Overall, we've been able to keep the properties unique enough, yet managed them in the same way, to keep the ratings for them high. And three, with both of us having regular jobs (and the farm) is about all we can manage in that manner.
@J.B. Hi, I really love your cabins.............did you build those yourself? They are really perfect with the tall pitch - what is the sq. ft. inside, I have a cottage in our backyard - was a funky garage when we bought our home and wanted to do my massage therapy business in the garage- it was the best thing that we could have done. 15yrs. doing therapy and now last year I converted it some and been doing Airbnb since June 2017 - with full success. Just had to ask about your sweet cabins. happy hosting, Clara
Clara - the shells are built by a company, Arched Cabins, out of Cypress, Texas. We finished them off. The small cabins are just over 300 sq feet with a 15 foot center height, while the big one (Wren) is around 600 with a loft and almost 18 high. All metal, so they are firewise, needed here in the Hill Country.
We’ve been doing this since 2017 as well, and really enjoy it. Glad y’all are having fun as well - it’s interesting to see what people have turned into guest spaces!
Sharing the spaces of my house with travelers from all over the world or putting a roof over their head in apartments aroused my interest. I was immediately struck by the joyful gospel of AIRBNB.
For me it was a real leap into the unknown. I had no idea that this experience would change me. At first I certainly underestimated the great deal of work that requires following a plurality of short-rented properties with high turn-over.
But, in my case, with a beginner’s mind, there was also a crazy optimism, a partial residue of an idealistic phase of my life, but it was to a large extent the consequence of my ignorance and of the inability to give up on the idea that I was indestructible.
I mean, renting rooms and apartments seemed easy, but it was a lot work to do everything right. The first months I went on the run alone, apartment to apartment, with the ardor of my work, always running behind time, late on my check-in, on the cleaning job, on the universitary lecture, on the weekend with friends, in order to ensure that my guests enjoy a high quality welcome and stay (my mission).
I swear with the palm of my hand firmly planted on my dog’s head. But, like a shadow, Frodo is always on the move. You want to hear the harsh truth? I had some kind of genetic mutation. I turned into Mary Poppins.
I never thought it would happen to me ... because in my life I’ve always had some fixed points. I’d never learned to dance, I’d never be able to put some gas in my car and above all, as far as the house is concerned, I would never do the things Mary Poppins did.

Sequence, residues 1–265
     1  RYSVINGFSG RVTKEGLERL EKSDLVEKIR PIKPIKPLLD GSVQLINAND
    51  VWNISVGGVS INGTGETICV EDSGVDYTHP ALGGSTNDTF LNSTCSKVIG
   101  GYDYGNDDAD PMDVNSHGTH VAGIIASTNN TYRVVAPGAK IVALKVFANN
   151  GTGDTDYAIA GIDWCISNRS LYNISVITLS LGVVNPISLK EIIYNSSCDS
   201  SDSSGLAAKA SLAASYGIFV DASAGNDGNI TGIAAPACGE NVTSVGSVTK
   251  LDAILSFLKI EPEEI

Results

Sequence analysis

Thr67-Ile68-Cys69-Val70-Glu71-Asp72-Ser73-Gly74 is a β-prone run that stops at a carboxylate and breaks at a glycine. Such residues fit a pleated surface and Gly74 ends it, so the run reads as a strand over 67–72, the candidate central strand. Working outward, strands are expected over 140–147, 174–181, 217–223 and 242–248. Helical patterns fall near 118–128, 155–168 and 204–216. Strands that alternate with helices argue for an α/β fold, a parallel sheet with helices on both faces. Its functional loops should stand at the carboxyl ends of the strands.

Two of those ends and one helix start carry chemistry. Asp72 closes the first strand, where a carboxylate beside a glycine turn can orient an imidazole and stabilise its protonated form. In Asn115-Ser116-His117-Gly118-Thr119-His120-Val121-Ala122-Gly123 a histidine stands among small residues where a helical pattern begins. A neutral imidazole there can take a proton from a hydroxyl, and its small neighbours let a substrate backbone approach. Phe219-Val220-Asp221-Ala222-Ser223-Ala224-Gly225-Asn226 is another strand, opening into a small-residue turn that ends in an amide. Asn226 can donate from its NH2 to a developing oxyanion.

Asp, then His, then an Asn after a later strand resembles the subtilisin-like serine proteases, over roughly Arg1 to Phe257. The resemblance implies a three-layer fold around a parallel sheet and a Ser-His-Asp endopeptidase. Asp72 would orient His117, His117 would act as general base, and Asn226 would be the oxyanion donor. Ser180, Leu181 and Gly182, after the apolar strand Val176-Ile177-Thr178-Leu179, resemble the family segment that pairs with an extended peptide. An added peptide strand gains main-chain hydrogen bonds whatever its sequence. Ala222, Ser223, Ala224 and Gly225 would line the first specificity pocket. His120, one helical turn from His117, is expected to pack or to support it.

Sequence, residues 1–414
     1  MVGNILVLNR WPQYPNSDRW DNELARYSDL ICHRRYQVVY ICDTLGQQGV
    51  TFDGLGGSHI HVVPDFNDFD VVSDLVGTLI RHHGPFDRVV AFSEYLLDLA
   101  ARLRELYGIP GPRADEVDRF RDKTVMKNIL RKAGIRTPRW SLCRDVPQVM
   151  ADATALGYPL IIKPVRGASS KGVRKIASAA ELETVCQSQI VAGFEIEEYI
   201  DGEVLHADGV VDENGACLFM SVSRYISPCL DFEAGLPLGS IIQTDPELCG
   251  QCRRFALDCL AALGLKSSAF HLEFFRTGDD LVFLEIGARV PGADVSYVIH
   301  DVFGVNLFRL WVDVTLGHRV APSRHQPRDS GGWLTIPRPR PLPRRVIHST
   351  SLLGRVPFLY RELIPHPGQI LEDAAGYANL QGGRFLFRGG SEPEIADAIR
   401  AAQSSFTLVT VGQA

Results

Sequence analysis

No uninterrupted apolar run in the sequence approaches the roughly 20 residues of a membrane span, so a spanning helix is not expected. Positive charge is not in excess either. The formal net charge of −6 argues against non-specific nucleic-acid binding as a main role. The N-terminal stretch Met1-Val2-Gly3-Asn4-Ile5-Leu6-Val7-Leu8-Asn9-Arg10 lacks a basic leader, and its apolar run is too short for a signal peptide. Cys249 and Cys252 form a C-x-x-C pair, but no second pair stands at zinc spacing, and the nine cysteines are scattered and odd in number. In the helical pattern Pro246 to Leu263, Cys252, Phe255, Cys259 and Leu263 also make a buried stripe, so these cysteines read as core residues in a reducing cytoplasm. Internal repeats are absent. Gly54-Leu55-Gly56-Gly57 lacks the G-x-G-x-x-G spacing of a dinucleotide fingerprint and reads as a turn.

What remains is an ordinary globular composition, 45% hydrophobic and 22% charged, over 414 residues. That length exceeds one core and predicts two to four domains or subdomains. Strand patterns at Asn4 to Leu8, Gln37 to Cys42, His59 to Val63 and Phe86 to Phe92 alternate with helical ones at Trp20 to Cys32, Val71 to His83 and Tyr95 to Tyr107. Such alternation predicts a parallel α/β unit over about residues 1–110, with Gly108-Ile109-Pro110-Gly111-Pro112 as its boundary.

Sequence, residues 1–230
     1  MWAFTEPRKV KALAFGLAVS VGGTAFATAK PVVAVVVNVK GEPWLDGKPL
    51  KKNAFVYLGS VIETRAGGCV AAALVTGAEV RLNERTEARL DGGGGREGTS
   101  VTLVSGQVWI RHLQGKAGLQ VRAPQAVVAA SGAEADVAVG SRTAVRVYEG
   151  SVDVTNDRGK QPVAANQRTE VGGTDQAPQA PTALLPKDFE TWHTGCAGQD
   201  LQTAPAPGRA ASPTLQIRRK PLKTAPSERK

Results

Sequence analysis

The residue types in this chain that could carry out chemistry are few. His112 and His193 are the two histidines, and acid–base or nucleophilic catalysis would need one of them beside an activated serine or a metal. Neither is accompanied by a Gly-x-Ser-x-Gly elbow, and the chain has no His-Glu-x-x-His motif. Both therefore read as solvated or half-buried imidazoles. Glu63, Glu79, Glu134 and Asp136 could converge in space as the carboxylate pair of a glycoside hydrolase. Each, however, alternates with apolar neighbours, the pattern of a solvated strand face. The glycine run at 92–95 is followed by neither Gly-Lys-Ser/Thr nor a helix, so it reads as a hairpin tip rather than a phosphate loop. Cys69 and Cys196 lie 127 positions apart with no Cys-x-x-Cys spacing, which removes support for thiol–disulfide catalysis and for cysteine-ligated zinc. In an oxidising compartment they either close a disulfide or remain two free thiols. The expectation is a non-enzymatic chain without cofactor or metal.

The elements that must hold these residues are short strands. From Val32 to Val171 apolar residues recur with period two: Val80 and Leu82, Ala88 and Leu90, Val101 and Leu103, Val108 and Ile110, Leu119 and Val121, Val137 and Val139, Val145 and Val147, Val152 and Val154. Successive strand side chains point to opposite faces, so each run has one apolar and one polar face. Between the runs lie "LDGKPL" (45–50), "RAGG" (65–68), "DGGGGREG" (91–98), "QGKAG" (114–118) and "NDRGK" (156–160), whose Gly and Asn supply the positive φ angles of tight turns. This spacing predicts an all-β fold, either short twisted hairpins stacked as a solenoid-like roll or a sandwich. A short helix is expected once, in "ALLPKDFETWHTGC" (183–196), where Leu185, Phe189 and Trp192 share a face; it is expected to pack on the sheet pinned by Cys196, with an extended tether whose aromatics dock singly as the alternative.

But no, I ended up flying on the roofs of Milan with an umbrella and a bag that weighed like a Friesian cow, inside my bag I put everything, WD-40, a pipe wrench and ductape, light bulbs, water filters, rolls of toilet paper, a little phone book with a large number of fast response craftsmen: the Airbnb host’s bag needs to be filled.
Look. It was not easy to make it clear to the guests that a cup in the sink does not have to remain there forever, but it is possible to wash it with a Brillo pad, that non-stick skillets are not made to draw doodles on them with a knife tip, and that the face towel should not be used for less noble and wider body parts.
My family imprinted me with a penchant for a systematic and regular recording of all current income and expenditure for the purpose of establishing the profit achieved by a holding. Somehow, I found out that I have a company to run and a whole world of people to host at my place.
I just had to apply this to the listing: maximisation of the visibility of my rooms / apartments and ads, comparison of my prices with similar hosts in my area, costs of changes of sheet and towels, number of booked rooms /apartments, profitability of each room and apartment, expenditure incurred for cleaning products, damaged goods to be replaced, utility bills and sudden and unforessen events. Documents, clipboads, lever arch files dramatically increased in my room: good order is the foundation of all good.
In June of the following year I started getting very tired. Day after day a lot of work: University of Milan-check-out room 3-cleaning room 3-University of Milan-check-in room 3-University of Milan-train-check-in apartment B-train-mattress. I started knowing when I had the nightmares and the bags under my eyes had bags.
One night I dreamed Brian Cesky. He wore the Kiss outfit and he was chasing me with a knife in his hand, it might have been my fault though, I had cooked stuffed peppers and all these peppers flopped around my stomach all night, but I realized that this kind of second job slowly ate me up.
It was all getting to be too much for me. And then I realized that - if I really wanted to offer a unique experience trough impeccable service - I must have used someone I trusted, running only the households near my house personally, but always been glued to my cell phone as an oyster to its rock.
Remember, one small detail overlooked is enough to create an impression of poor quality. Thus, the focus should be concentrated exclusively on the guest.
If your guest is a foreigner who comes for a vacation, tell him of your city, what to do and where to go. And if your guest is traveling for work, give all relevant information to him about public transportation and the pizza delivery service’s phone number. If your guest shows up with a pet, give the dog or the cat something to eat, a mat or a kitty litter. They are small attentions that can let your guest know you are something more than an anonymous landlord or landlady. This, ladies and gentlemen, is added value: it’s cheap, your guest will be satisfied.